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Councils announce Capital Investment fund winners

  • SHOW ME THE MONEY | A Capital Investment campaign, sponsored by the four undergraduate student councils, has pledged $15,000 to seven student groups for long-term projects.

The four undergraduate student councils plan to distribute $15,000 in Capital Investment grants to seven different student groups to “provide funding for large-scale, multi-year, investments for student groups,” according to a statement from the committee.

Winners included WBAR, WKCR, and the University’s kayak club, ski team, wind ensemble, rock climbing club, and Society of Automotive Engineers.

Daphne Chen, CC ’14 and vice president of finance for Columbia College Student Council, said the grants were intended for groups to make essential purchases for which they would otherwise have trouble saving over the long term.

The largest grant—$4,800—went to the wind ensemble to help pay for a tuba. The group’s president, Alex Donnelly, CC ’14, said that it would have been difficult for the wind ensemble to pay for the instrument without the grant.

“We really rely on fundraising from advertising and ticket sales,” Donnelly said. “And when you rely on those secondary sources of income, it’s hard to budget for long-term investments.”

He noted, however, that the grant would not cover the full cost of the tuba. Chen said that the committee had to make a choice between funding a wide range of projects or giving certain groups larger amounts of money.

“It was a hard philosophical discussion, because on one hand, you wanted to support as many groups as you can with this amount of money,” Chen said. “But on the other hand, you wonder, should we fund all of this money to one group to make a really big impact?”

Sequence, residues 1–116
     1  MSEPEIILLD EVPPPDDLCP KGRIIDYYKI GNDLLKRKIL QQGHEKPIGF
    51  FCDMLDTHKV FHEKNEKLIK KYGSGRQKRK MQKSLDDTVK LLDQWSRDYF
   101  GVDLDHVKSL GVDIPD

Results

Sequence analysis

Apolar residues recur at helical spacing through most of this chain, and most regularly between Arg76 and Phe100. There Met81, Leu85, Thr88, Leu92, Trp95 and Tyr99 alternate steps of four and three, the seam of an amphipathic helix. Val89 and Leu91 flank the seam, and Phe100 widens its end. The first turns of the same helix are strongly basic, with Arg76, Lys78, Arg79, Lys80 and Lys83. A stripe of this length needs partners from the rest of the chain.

The committee said on Thursday that it selected applicants who had the most pressing needs.

Uchechi Iteogu, CC ’15 and chair of the committee, said that 14 student groups applied for the grants.

Engineering Student Council Vice President of Finance Sidd Bhatt, SEAS ’14, explained that the committee had to make a choice of “necessity versus luxury.”

“Some groups do ask for funding where they would like it, and it would enhance their operations, but if they don’t get it, it’s not going to negatively impact their operations,” Bhatt said.

Ski team captain Peter Krawczyk, CC ’13, said his team had to start its season with outdated helmets because the grant winners were announced later than he had expected.

“The fact that it only came out this week was a little disappointing, especially for us, because we’re in the middle of our season,” Krawczyk said.

Iteogu said the committee itself made its decisions on time at the end of last semester and that it was not responsible for actually allocating the funds.

“We made sure to make decisions by the end of the semester,” Iteogu said. “It’s a matter of the powers that be distributing the money.”

She added, however, that the committee “should have communicated that better to the student groups.”

Iteogu said that the committee did its best to help applicants who didn’t receive funding for their proposals through other channels like the Joint Council Co-Sponsorship Committee, which also provides funding to student groups.

“I think we were able to help everybody out that we could have helped out,” Iteogu said. “That’s not to say that each group that came to us was able to receive funding, unfortunately, but we didn’t just leave them in the dark.”

By identifying a specific project to fund, the Capital Investment grants differ from other forms of fundraising for student groups, including the Student Project Grants—which provide funding to students looking to launch a specific short-term project or event—and governing board allocations, which are provided to groups at the end of the academic year. | @BenGittelson


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